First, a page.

It’s snowing out, it has been for the last 48 hours, and you lost your power six hours into the storm. Your generator has been running, and doing its job. You have heat, water, lights, and even can cook on your stove. You’re sitting in your living room in your favorite chair, fireplace going, and watching the snow fall outside you picture window. Life is good. The best decision you made last year was installing that whole house automatic generator.
You just got done watching the 11:00 news, and the outlook isn’t good. Over 150,000 people out of power and the expectation is that it will be a week and half before power is restored to some people.
You enjoy sitting by the fireplace, with a cozy fire, reading your favorite book. The fire is getting low, so you add a little wood, and just as you do, you hear a huge crash, and the house shakes. No worries, it’s just the snow sliding off your new metal roof, another good investment.
You settle down to read some more, relaxing in you pj’s. Yup, life is good. Peace of mind to the fullest.
All of a sudden, your lights flicker, then they go out, and you hear the generator shut off. The only light you have now is the light from the fire.
You go outside to check your generator, and it isn’t there, in its place is a big pile of snow. You just realized, the snow from the second story floor just landed on your generator. The lump is in your throat, the panic, and the peace of mind is gone.
You call your technician and ask him to come out, of course coming out at that time is impossible, the roads aren’t even passable. The tech tells you he’ll get there as soon as possible, hopefully the next day, but he has calls ahead of you.
However, after you explain to him what happened, he regretfully tells you that if indeed the generator is crushed, it isn’t covered under warranty. It just seems to get worse. Your peace of mind is gone. This generator is less than a year old.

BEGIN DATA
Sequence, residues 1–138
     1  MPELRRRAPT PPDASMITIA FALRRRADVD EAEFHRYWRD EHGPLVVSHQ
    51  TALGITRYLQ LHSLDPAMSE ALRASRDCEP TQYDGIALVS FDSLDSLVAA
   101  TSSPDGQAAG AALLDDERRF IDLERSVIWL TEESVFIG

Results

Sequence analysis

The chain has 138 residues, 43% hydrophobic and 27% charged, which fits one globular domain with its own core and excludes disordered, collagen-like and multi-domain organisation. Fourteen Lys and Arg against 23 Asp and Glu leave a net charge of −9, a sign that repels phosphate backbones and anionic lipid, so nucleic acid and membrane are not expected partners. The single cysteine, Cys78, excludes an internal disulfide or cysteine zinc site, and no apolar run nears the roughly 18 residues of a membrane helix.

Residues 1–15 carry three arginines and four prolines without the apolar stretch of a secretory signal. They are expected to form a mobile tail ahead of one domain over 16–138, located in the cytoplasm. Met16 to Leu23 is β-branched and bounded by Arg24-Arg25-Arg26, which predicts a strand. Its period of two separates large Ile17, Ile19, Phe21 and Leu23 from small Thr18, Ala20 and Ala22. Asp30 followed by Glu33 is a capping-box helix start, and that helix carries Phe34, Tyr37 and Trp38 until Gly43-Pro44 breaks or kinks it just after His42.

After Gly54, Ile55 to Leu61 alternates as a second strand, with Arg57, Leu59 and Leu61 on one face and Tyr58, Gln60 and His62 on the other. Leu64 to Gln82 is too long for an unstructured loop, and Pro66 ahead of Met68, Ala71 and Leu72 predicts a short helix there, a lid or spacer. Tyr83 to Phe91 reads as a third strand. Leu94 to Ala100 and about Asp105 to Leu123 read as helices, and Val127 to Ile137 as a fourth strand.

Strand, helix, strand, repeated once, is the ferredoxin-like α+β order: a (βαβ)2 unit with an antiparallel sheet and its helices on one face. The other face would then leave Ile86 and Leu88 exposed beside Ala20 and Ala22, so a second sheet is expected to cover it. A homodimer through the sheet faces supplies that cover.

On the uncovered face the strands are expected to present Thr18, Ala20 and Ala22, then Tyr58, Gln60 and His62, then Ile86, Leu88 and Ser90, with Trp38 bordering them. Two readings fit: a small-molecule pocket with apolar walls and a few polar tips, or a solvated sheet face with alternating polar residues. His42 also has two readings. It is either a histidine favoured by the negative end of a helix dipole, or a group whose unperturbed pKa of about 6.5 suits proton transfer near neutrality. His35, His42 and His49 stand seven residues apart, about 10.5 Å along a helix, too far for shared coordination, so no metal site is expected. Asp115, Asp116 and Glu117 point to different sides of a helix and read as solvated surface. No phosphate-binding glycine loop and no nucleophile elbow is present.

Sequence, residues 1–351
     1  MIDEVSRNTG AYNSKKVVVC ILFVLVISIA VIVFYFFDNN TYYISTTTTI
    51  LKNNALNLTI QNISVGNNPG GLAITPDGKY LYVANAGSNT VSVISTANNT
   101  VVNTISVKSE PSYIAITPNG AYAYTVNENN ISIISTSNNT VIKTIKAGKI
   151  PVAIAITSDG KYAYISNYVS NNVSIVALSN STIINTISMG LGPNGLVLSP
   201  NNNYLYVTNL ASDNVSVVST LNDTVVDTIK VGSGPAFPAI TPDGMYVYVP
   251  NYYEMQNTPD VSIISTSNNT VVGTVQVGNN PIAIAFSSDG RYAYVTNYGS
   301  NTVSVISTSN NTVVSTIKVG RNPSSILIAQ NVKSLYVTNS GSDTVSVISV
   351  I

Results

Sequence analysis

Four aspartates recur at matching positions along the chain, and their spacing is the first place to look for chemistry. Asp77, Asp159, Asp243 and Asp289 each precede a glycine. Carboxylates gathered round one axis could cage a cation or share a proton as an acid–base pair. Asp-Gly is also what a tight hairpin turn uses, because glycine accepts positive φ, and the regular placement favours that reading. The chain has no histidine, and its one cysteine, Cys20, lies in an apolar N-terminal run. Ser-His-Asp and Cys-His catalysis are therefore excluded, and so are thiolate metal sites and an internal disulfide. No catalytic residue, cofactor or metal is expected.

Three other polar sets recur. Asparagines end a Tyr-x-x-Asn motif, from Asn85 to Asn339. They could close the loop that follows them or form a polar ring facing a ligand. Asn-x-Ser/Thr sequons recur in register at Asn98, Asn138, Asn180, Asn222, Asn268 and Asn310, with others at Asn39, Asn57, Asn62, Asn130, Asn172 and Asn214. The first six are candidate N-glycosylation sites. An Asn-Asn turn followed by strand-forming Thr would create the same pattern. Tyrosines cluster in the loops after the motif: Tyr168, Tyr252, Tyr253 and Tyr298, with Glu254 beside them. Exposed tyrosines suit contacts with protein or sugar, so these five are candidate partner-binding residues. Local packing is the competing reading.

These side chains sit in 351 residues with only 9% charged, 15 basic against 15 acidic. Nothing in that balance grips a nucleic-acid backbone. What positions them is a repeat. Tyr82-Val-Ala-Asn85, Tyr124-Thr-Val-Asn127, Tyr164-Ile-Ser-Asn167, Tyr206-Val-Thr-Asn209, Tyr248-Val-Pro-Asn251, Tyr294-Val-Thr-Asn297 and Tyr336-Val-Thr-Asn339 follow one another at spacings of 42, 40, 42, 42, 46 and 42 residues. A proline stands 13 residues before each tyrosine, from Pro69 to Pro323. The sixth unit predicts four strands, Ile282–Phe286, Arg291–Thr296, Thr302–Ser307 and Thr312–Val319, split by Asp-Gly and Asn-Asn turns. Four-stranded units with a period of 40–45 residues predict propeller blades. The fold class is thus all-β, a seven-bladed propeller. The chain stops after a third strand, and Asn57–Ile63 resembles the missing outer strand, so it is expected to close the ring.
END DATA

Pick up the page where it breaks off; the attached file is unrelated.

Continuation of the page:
The next morning you go out and shovel out your generator, and your suspicion is right, the top of the generator is crushed. You go back in your cold house, and call your tech and tell him.
The tech makes out later in the day. After working on it for awhile, you hear the generator turn over, choking, spitting, and puttering until it chokes off. You hear it a couple more times, then it fires up, and your lights come on.
He has good news. Even though the generator was crushed, that wasn’t the reason it shut off last night.
In fact, what caused the generator to shut off was that when the snow fell, it blocked the intakes for the air supply, sucked in snow, and the generator choked itself out. Even though the generator has a big dent in the top, it is running fine.
Never place a generator under the eaves where snow and ice can fall onto it and damage the generator. Many times it is the most convenient place to put the generator, and many installers will place it there, or the customer will insist it to be place there to save money on the installation cost. Again, NEVER place the generator where snow from the roof will fall on it.
The above is an actual case that happened and we responded to. The customer bought the generator, placed the generator, then hired an electrician and gas company to hook it up.
NEVER place the generator in this location.
Instead, relax in you pj’s reading your favorite book by your fireplace, watching the snow bounce of your window.
If you have any questions, please forward them to
Doing It Right For You – DIRFY Generators 1-207-637-3346
We have generators in stock – in most cases we can deliver in less than a week
Financing on approved credit starting at less than $ 70/mo with no money down
Our primary brand comes with a six year parts, labor, and travel warranty
(not like some that have a five year warranty, parts only after two years)
Turnkey installations
$ 50 referral fee
Free in home evaluations
Dealer remote monitoring available
Owner remote monitoring from a computer or smart phone available
10 year parts, labor, and travel available
We service units installed by others